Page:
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Amany M Tawfik, Isha Sharma, Nehal M Elsherbiny, Diana Gutsaeva, Suhib Alhusban, Sung Chug, Manuela Bartoli, Mohamed Al-Sayed Al-Shabrawey; Inflammation as an important player in the pathogenesis of hyperhomocysteinemia-induced retinopathy. Invest. Ophthalmol. Vis. Sci. 2019;60(9):4919.
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© ARVO (1962-2015); The Authors (2016-present)
Homocysteine (Hcy) is a sulfur-containing amino acid which requires vitamins B12 & folic acid for its metabolism and their deficiencies lead to elevated Hcy levels (HHcy). Vitamins B12 and folic acid deficiencies are common nutritional deficiencies in diabetic and aging population and were linked to the development of diabetic retinopathy (DR) and age-related macular degeneration (AMD). Our previous work reported that HHcy disrupts inner and outer blood-retinal barriers (BRBs), induces retinal ischemia, neovascularization, disrupts retinal pigmented cells (RPE) structure & function, activates oxidative & ER stresses and induces epigenetic modifications. HHcy was reported in patients with DR and AMD in many clinical studies. The goal of the current study was to explore inflammation as an underlying mechanism of HHcy-induced retinopathy.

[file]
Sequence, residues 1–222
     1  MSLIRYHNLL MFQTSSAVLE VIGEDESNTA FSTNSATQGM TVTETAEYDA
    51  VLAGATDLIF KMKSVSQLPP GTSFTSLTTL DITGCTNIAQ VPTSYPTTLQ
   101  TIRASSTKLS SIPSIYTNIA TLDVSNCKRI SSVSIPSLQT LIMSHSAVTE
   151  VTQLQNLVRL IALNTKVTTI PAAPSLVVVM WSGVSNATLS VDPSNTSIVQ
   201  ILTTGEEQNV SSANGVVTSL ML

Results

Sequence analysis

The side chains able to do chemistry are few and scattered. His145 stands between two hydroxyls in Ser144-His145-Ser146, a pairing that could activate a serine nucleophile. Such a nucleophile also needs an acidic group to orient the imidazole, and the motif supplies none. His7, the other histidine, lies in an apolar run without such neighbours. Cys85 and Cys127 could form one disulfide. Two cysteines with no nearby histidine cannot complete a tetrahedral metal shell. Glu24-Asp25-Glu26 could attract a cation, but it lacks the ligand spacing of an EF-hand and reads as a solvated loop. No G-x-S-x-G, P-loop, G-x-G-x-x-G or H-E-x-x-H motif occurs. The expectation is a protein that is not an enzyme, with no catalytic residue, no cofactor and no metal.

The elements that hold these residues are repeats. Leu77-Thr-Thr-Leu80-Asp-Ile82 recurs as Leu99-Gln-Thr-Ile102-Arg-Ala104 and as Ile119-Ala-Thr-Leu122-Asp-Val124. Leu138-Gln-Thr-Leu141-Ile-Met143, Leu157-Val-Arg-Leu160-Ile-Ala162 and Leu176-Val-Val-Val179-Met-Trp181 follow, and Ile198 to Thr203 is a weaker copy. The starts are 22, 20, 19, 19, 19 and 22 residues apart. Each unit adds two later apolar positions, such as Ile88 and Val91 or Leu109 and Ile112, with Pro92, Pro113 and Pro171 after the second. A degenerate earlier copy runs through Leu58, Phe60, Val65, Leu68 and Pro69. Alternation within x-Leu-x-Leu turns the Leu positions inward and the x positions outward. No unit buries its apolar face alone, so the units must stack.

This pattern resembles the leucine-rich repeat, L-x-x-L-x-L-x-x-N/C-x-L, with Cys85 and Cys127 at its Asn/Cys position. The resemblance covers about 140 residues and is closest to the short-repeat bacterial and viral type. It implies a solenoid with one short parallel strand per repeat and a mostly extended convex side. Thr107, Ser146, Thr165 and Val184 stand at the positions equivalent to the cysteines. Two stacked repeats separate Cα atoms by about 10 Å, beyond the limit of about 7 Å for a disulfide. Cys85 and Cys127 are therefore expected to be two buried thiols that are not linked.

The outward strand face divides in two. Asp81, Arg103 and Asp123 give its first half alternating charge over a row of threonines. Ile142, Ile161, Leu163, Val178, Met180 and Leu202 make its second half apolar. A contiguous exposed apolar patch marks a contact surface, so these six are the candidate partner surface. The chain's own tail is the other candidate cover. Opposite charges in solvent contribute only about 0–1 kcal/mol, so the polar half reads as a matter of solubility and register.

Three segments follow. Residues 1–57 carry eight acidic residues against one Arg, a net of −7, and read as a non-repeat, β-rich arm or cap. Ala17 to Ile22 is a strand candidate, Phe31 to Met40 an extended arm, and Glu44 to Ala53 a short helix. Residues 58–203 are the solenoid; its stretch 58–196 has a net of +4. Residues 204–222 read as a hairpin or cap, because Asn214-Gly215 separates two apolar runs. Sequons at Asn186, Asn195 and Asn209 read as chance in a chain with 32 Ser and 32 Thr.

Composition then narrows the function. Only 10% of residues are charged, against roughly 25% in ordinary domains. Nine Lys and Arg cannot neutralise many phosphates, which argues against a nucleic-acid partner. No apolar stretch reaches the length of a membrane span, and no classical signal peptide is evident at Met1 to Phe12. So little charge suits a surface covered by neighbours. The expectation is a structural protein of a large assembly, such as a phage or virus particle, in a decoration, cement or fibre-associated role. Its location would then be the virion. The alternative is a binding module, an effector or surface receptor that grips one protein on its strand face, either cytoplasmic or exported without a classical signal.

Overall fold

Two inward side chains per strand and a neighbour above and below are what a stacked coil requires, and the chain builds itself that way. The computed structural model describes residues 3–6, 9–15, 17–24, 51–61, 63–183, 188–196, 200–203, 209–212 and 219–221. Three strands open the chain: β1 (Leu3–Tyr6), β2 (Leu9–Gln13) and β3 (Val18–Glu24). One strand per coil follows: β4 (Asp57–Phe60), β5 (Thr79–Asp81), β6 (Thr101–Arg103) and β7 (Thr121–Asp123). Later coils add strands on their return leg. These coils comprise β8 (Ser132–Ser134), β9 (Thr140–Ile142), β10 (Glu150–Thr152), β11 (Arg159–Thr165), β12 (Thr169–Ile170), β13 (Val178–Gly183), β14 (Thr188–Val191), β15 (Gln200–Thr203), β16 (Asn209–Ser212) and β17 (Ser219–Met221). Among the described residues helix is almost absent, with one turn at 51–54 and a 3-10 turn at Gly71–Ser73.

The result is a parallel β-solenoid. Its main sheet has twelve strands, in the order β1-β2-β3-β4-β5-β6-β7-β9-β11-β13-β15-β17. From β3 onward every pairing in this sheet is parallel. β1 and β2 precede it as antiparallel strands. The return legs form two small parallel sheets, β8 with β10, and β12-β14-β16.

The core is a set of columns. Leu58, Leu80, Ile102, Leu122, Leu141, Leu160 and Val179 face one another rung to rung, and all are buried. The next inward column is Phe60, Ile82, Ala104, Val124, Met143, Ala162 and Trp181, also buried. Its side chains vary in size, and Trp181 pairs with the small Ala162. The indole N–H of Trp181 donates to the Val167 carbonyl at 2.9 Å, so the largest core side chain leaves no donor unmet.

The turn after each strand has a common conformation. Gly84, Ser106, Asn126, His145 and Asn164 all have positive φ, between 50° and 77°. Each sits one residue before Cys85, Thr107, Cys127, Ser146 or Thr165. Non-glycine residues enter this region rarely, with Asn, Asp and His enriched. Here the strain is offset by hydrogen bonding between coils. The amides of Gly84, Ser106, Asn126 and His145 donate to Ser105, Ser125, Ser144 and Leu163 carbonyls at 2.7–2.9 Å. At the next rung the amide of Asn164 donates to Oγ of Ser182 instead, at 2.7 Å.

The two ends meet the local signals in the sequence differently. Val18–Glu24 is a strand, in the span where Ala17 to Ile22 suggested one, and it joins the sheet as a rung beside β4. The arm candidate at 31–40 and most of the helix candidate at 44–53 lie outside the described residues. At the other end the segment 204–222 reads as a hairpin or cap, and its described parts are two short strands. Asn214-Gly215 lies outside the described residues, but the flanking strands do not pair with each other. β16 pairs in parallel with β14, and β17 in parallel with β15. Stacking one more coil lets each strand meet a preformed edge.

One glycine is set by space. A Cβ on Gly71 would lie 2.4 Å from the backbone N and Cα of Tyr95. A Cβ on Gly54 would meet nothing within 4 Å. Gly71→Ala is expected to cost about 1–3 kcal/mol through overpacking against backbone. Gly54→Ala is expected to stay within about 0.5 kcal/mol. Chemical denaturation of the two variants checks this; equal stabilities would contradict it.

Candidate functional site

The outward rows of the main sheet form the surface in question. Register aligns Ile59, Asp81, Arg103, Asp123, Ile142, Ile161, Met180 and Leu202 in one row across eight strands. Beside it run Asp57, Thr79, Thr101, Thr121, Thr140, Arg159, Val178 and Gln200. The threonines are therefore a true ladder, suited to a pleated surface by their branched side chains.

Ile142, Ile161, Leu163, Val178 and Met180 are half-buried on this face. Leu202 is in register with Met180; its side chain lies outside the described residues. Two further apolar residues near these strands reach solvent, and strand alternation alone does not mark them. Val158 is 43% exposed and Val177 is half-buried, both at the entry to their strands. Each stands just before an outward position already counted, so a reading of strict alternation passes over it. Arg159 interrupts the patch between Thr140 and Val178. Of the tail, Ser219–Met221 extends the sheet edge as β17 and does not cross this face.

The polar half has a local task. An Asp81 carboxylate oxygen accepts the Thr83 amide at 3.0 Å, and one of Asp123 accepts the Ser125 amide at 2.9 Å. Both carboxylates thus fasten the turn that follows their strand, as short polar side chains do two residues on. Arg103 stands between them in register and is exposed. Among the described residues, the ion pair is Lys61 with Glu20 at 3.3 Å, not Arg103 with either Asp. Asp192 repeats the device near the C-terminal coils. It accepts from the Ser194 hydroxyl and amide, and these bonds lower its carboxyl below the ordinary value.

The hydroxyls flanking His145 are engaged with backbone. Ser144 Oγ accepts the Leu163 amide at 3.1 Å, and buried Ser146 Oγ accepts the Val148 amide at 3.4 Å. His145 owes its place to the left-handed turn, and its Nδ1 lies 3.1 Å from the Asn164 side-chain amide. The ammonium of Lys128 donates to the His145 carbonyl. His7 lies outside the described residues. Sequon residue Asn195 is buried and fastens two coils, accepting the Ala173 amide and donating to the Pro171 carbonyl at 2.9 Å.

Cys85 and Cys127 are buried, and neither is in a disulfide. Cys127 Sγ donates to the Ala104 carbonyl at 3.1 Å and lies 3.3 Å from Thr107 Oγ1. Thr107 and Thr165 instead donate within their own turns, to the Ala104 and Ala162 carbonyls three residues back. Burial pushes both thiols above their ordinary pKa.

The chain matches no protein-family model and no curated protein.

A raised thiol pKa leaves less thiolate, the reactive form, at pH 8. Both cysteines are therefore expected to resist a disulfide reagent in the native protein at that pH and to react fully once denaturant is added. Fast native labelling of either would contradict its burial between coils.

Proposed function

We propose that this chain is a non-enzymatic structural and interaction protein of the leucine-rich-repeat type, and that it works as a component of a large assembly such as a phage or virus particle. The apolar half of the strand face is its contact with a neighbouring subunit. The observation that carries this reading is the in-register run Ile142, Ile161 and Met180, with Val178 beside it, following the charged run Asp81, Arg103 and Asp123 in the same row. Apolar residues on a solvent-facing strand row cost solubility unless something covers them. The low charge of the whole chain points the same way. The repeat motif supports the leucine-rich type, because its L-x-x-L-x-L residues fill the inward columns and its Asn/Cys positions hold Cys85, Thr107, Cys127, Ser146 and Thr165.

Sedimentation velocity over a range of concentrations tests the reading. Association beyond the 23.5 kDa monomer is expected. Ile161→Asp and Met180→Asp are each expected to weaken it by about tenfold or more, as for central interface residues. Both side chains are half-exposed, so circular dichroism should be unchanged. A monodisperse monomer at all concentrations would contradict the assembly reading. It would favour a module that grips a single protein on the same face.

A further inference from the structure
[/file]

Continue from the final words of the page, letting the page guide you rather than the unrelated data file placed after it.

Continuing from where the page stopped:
living mice with HHcy due to lack of the enzyme cystathionine-β-synthase (cbs+/-) and wild-type (C57Bl6) mice were evaluated for leukocytes adhesion using intravital microscopy and microglia activation in retinal flat mounts using Iba1 immunofluorescence (IF). Human Retinal Endothelial cells (HRECs), RPE and human monocyte cell line U937 treated with/without Hcy (50μM) for 24 hours were evaluated for inflammatory cytokines, and NFkB activation using multiplex assay and western blot analysis respectively.
HHcy induces an inflammatory response in mouse retina, cultured HRECs, RPE and microglia cells. Mice with HHcy showed significant elevation of leukocyte adhesion and Iba1 immunoreactivity suggesting microglia activation. In addition, NFκB was activated and cytokine array analysis revealed a significant increase in most of the pro-inflammatory cytokines such as IP-10, TNFα, IL-Β and IL-6 and downregulation of anti-inflammatory cytokine (IL-4) in cultured HRECs, RPE and human monocyte cell line U937 treated with Hcy for 24 hours.
The current study shows strong evidence that HHcy induces inflammatory responses in mouse retina and cultured retinal cells. The retinal inflammatory response to HHcy could play a role in retinal dysfunction in DR and AMD. Thus, therapeutic strategies that aim to eliminate excess homocysteine are promising interventions in DR and AMD.
This abstract was presented at the 2019 ARVO Annual Meeting, held in Vancouver, Canada, April 28 - May 2, 2019.
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